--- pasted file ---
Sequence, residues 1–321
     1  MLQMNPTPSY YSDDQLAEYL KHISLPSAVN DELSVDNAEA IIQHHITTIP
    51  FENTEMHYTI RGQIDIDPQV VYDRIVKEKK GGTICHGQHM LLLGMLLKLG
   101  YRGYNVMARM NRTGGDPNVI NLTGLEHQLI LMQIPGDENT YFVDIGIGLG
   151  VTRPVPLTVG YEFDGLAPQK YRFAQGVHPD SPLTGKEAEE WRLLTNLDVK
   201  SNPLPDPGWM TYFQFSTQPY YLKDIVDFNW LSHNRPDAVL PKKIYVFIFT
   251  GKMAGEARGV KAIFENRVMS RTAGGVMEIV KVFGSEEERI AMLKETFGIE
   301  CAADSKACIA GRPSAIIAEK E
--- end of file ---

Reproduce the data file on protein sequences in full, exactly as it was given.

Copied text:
Sequence, residues 1–321
     1  MLQMNPTPSY YSDDQLAEYL KHISLPSAVN DELSVDNAEA IIQHHITTIP
    51  FENTEMHYTI RGQIDIDPQV VYDRIVKEKK GGTICHGQHM LLLGMLLKLG
   101  YRGYNVMARM NRTGGDPNVI NLTGLEHQLI LMQIPGDENT YFVDIGIGLG
   151  VTRPVPLTVG YEFDGLAPQK YRFAQGVHPD SPLTGKEAEE WRLLTNLDVK
   201  SNPLPDPGWM TYFQFSTQPY YLKDIVDFNW LSHNRPDAVL PKKIYVFIFT
   251  GKMAGEARGV KAIFENRVMS RTAGGVMEIV KVFGSEEERI AMLKETFGIE
   301  CAADSKACIA GRPSAIIAEK E